By Scott Ramage / August 28th, 2020
|Title||Rock of Ages 3: Make & Break
|Developer||ACE Team, Giant Monkey Robot|
|Publisher||Modus Games, 3goo|
|Release Date||July 21, 2020|
|Genre||Tower Defense, Strategy, Racing|
|Platform||Switch, PS4, XBox1, PC (Steam)|
|Age Rating||T for Teen|
Let’s start with five words that should have prevented me from reviewing this: I hate tower defense games. The only way I could hate them more is if someone added visual novel elements to them. However, ACE Team is not like most developers, and Rock of Ages 3: Make & Break is not like most tower defense games, in part because it also incorporates racing elements. Sounds strange, but as is the case with the Rock of Ages series as a whole, strange doesn’t begin to cover what’s at work here.
Story is fairly light in Rock of Ages 3, though it does serve as the framework for the game’s structure. It starts with Greek mythological figure Odysseus and his men getting trapped in a cave with the man-eating giant Polyphemus. One tutorial later, they break out of the cave, blind the giant, and try to sail away. This all follows The Odyssey fairly closely, until Polyphemus throws boulders at the ship, one of them being the game’s namesake, the Rock of Ages. Said rock flattens Odysseus, so the much lesser known Elpenor gets cursed by Polyphemus’ dad, Poseidon, to sail all over the world, encountering various people, animals and entities from various regions, time periods and theologies. Various rock-based shenanigans ensue as Elpenor and his men try to find their way back home.
Describing how Rock of Ages 3 plays is both simple and complicated. It’s simple in that virtually every mode involves rolling a rock down a hill. It’s complicated in that the game has a surprising (and refreshing) number of ways to approach an otherwise simple idea. The primary mode in single player involves two competing armies, both constructing obstacles to stop the other team’s rock from rolling into and destroying their castle’s gate and crushing whomever or whatever is inside. Rocks can be destroyed if they take too many hits or fall off the map too often, forcing the player to either start over or wait until a new rock is ready. Even if not destroyed, they’ll do less damage to the gate by being slowed down or heavily damaged. Outside of that is a number of different takes on the main mode, each varying in how much they lean toward the racing or tower defense aspects of the game. My favorites involved straight up races with other boulders, rolling a bomb with an active fuse through an obstacle course, and playing this game’s equivalent of Skee-Ball. It probably won’t surprise you that my least favorite mode was the one that was no racing and all tower defense, making sure the gate can survive two rounds of a series of rocks rolling down from an opponent’s hill.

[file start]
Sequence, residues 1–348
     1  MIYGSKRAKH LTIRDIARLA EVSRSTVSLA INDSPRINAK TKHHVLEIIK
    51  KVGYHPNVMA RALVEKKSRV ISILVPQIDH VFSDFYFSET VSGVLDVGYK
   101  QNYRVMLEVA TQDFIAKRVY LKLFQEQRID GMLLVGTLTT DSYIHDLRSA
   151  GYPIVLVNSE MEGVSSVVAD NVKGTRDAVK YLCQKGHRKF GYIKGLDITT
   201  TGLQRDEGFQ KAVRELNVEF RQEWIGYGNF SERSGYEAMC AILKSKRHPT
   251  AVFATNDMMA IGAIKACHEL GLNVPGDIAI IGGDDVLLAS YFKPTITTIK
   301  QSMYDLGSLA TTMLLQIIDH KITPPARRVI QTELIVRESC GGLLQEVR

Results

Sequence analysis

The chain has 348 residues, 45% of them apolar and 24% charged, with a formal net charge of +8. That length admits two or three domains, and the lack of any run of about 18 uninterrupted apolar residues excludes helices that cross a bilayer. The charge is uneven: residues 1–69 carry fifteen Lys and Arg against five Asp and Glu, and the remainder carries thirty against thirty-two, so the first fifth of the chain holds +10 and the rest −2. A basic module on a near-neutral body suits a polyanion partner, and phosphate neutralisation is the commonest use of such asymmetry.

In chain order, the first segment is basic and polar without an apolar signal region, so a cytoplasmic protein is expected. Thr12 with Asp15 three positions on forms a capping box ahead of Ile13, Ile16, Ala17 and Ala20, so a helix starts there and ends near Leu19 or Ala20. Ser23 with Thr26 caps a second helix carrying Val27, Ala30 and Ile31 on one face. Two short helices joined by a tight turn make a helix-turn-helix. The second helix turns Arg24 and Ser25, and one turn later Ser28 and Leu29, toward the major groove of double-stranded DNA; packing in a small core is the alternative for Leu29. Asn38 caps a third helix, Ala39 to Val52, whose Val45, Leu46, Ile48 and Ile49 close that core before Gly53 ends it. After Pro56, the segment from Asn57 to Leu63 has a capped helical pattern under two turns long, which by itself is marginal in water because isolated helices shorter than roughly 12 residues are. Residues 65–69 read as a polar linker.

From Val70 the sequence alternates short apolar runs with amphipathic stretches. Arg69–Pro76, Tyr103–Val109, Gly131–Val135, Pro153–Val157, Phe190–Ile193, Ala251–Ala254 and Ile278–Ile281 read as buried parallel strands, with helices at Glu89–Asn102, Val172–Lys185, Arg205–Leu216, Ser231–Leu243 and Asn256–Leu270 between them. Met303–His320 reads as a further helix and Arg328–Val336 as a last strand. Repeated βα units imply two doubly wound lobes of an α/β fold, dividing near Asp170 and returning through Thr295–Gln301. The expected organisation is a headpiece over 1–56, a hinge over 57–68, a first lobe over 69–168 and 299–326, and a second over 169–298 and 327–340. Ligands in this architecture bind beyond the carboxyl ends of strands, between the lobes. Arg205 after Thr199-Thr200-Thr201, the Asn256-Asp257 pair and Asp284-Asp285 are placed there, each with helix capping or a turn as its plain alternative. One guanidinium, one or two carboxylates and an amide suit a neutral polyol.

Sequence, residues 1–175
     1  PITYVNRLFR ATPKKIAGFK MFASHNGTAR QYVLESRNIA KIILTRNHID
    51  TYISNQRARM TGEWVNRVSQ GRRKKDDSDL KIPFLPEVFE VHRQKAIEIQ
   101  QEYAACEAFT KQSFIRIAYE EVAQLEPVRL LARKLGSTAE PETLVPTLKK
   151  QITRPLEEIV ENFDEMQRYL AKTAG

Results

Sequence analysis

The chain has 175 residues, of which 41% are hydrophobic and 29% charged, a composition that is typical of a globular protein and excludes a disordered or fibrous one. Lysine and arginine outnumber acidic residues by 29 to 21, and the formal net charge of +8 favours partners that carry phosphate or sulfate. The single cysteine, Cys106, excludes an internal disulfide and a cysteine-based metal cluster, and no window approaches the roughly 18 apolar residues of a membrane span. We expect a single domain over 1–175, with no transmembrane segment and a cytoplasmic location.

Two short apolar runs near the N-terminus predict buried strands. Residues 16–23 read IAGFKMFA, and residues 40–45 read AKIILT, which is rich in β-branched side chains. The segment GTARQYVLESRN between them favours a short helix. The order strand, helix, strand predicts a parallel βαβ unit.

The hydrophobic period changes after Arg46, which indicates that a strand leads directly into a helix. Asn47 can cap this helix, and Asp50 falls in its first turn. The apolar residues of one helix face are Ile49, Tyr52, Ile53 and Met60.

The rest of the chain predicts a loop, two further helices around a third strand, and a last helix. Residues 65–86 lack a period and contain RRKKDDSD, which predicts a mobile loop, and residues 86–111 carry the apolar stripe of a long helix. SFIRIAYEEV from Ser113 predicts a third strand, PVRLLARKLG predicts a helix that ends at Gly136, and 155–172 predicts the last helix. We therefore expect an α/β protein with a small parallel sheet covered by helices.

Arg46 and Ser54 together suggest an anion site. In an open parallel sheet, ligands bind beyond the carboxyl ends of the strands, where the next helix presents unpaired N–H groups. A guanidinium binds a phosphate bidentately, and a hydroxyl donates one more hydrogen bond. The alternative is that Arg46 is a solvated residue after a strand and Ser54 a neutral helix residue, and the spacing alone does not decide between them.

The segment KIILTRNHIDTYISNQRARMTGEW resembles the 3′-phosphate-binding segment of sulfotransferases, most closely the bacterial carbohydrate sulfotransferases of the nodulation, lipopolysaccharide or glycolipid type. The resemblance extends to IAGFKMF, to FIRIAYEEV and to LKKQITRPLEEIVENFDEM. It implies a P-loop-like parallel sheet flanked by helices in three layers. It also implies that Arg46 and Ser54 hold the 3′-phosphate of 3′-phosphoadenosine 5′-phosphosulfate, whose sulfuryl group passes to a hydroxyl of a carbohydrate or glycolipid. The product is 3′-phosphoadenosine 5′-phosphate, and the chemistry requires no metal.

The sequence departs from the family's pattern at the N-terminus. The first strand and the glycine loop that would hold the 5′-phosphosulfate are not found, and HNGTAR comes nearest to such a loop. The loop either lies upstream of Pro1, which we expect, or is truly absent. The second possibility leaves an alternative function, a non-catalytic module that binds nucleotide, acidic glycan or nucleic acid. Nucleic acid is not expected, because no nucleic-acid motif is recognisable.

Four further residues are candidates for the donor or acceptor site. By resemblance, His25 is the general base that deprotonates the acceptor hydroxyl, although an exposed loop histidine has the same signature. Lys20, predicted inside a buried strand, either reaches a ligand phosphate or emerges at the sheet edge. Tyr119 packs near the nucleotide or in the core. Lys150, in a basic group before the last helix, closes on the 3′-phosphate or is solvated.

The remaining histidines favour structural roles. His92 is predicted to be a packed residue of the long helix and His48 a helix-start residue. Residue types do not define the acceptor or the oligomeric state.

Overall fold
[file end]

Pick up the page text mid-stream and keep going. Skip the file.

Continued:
All of this is part of the single player campaign for Rock of Ages 3. Elpenor’s ship is dumped on a large world map, with a timeline that leads forward and backward to various points locked by a star count. The idea is to earn enough stars to complete three “boss fights” of sorts, then take on Poseidon to earn a trip back home. Stars are earned by completing various modes at each spot, of which there are usually four or five, each earning anywhere from one to three stars. It’s entirely possible to complete this mode without doing most of the tower defense-focused modes, and I know that because that’s exactly what I did. The “boss fights” aren’t tower defense, but I struggle to describe what they are without spoiling anything because they aren’t quite like anything else in the game. Even if you’re the kind of person who doesn’t get this game for the single player, I recommend playing it for these boss fights to see just how creative the developers got with a game about rolling around a rock.
What sorts of obstacles does Rock of Ages 3 have on tap? A surprising amount, actually. It starts with basic stuff like walls and catapults, but as the levels progress and more bizarre worlds open up, all sorts of strangeness gets unlocked. There are giant windmills to blow rocks off ledges, lions dangling from balloons to grab and claw at rocks, Da Vinci-esque tanks, guillotines, springboards, airships, canons, exploding barrels, cows that stick to rocks, whales that suck up and spit rocks away, and a carousel-like contraption with boxing gloves on the ends and morning stars above those, just to name a few. Even though there’s a limit to the number of obstacles that can be used for each stage, it still allows for a lot of creativity (and cruelty) in using different obstacles with each other. Unfortunately, it can also lead to frustration. When a boulder is pushed off the path, it drops back on the hill near where it fell. In later stages where obstacles are packed tightly together, this can mean spawning directly on top of another obstacle and getting destroyed or thrown off the level again. Given the race against the clock going on in nearly every mode, this all but guarantees having to start over.